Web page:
Sometimes also we make theories, generalizations and stereotypes, where there shouldn't be any.
For example, if I go to France and start talking English to them while they seem to not understand me, I may develop a belief that French don't know English. That may hold until I meet one, who does. Then, I may start to believe that French don't speak English with rare exception. And that until one of those, who previously seemed to not know English, grudgingly answers something in English and mentions that s/he just doesn't like speaking English. So I may have a whole theory here, while it's only statistics about how many do know, who many don't and how many don't like -:)


message 8: by Iridescent (new)

Iridescent (im_depressed) | 36 comments Maybe you need a more 'open mind...'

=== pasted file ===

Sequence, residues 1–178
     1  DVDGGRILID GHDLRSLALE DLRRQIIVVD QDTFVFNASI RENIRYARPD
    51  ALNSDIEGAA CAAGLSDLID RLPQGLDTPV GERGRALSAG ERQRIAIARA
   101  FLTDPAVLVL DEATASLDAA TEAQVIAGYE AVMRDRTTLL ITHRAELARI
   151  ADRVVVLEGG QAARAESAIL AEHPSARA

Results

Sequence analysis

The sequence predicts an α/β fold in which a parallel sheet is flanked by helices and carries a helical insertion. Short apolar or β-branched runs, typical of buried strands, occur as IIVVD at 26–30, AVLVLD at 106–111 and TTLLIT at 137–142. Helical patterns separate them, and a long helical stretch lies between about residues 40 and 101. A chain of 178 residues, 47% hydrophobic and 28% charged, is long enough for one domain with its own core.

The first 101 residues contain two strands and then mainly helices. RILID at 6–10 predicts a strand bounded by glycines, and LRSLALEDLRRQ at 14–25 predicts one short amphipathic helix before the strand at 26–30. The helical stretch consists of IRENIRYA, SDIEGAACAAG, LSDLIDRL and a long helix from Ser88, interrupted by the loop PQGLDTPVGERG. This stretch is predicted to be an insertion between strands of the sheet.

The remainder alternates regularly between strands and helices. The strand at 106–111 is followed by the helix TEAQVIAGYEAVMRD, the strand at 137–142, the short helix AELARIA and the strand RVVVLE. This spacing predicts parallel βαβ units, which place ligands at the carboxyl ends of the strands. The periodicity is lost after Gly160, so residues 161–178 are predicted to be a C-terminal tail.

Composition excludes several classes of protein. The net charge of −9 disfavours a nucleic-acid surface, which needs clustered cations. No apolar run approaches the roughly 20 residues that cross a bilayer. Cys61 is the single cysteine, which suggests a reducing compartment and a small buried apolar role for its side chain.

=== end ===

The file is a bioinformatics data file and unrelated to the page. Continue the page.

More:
That's the only thing I can think of.


message 9: by Bernard (new)

Bernard Boley (bernard_boley) | 126 comments Graeme wrote: "How does evidence operate? Not what is it, but "how," does it occur?

Thought Experiment #1: I have a hypothesis that all cats are black. I do studies on cat populations. I measure and count the nu..."


What you are pointing out is probably the most common logical fallacy observed: the syllogism, the other most frequent one being circular reasoning.


message 10: by Ian (new)

Ian Miller | 9771 comments The major problem with your cat example is terminology. Classification means that you put those so classified in a set. A set comprises the elements of the set, together with the rule that defines set membership. You started off by defining the set as the set of black cats, but you called it "cats". A white cat does not fit the set of black cats because it violates the rule of set membership (it must be black) but then got into trouble because your set was not properly defined. There is no problem when you properly define what you mean. This sort of problem is a very major one in the life sciences, where they try to classify something into species, genera, families, etc.